As the teenagers struggled along in search of help and medicine, they looked at the remains of the old Naval Hospital but could not find anything.  Meanwhile, Emsley had developed a high fever and chills.
 
At the Hagåtña house, Cabrara began to prepare rice, leaving Emsley to watch it cook while he went out.  Cabrara returned running, having encountered some Japanese soldiers and was now being chased by them.  As Cabrara escaped the soldiers, a dog started to chase his pursuers.  Reaching the house, he grabbed Emsley and the two ran to the back of the destroyed chapel in the San Antonio district, waiting quietly until the barking sounds stopped.
 
Emsley and Cabrara then made the long trek toward Manenggon where other Chamorros had been taken to a concentration camp set up by the Japanese.  They found an abandoned ranch and were elated to discover six large drums of rainwater, as well as star apples and bananas.  The two ate until, as Emsley recalled, she got a stomach ache.  They set off again to search for their families and  came across an abandoned house where they stayed for a few days.
 
The two were eventually found by one of Emsley’s uncles and another man who had left the Manenggon camp to search for food they had hidden away from the Japanese. Emsley’s uncle, however, did not recognize her at first.  He brought the two teenagers with him to Yona where they met up with soldiers of the Third Marine Division, part of the invading American forces.  The Americans, however, were unable to treat her or Cabrara’s wounds because of the fighting.  The three Chamorros then made their way back to the Manenggon camp.  After sneaking the teenagers into the camp, Emsley and Cabrara were finally able to receive medical care.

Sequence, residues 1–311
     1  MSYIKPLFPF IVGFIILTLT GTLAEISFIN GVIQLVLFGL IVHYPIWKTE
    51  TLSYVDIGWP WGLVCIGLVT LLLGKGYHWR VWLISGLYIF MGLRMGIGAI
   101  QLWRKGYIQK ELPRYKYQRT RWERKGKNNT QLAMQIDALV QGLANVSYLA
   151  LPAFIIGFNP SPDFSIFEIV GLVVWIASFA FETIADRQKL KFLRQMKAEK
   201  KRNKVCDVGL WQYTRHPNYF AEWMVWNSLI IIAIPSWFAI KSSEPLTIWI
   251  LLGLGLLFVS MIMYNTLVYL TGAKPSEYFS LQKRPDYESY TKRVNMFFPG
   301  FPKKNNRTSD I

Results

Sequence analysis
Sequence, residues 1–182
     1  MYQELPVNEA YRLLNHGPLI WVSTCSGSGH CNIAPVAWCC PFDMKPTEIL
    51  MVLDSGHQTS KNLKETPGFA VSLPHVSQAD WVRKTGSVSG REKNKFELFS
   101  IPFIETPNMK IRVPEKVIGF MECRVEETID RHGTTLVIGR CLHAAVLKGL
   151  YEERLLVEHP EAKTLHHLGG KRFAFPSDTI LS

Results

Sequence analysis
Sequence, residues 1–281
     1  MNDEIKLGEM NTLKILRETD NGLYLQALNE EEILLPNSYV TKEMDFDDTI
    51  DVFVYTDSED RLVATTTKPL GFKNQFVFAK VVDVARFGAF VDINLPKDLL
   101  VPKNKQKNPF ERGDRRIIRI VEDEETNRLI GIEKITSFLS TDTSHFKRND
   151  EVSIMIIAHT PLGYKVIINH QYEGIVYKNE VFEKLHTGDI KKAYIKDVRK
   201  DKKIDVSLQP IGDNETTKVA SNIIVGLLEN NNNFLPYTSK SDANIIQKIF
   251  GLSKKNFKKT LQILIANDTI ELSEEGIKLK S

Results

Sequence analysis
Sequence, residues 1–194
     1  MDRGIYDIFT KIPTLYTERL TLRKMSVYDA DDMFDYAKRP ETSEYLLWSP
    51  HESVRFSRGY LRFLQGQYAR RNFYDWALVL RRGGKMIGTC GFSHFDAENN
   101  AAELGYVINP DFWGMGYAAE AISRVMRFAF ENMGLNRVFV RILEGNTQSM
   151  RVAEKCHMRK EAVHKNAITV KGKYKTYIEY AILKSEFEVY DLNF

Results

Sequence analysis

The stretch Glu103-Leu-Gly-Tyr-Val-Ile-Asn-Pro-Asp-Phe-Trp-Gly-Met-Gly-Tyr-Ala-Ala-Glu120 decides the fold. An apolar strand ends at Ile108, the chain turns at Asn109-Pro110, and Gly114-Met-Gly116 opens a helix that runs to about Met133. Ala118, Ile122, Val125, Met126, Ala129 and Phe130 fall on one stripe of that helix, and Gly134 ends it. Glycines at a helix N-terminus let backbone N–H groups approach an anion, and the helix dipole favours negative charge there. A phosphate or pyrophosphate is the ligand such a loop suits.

Two Chamorro nurses cleaned the survivors’ wounds for the first time.  Emsley recounted that she felt maggots moving across the gash on her neck and that she guessed these maggots had eaten away some infection from her injuries.  When American soldiers finally entered the concentration camp, Emsley was taken down the long trail to Asan where she was cleaned up and received more medical treatment for her wounds aboard one of the US ships.
 
Life after the War
 
Like other war survivors, Emsley focused on trying to pick up the pieces of her life and survive the devastating aftermath and reconstruction of the island.  She attended school for a while, but could not continue as she had been too traumatized.
 
She eventually married Charles Emsley, a former private in the US Army.  Together they had ten children, including Karen Emsley Guerrero.  In spite of the trauma she had suffered, Guerrero recalled her mother’s forgiveness towards the Japanese officers and soldiers responsible for her attempted beheading: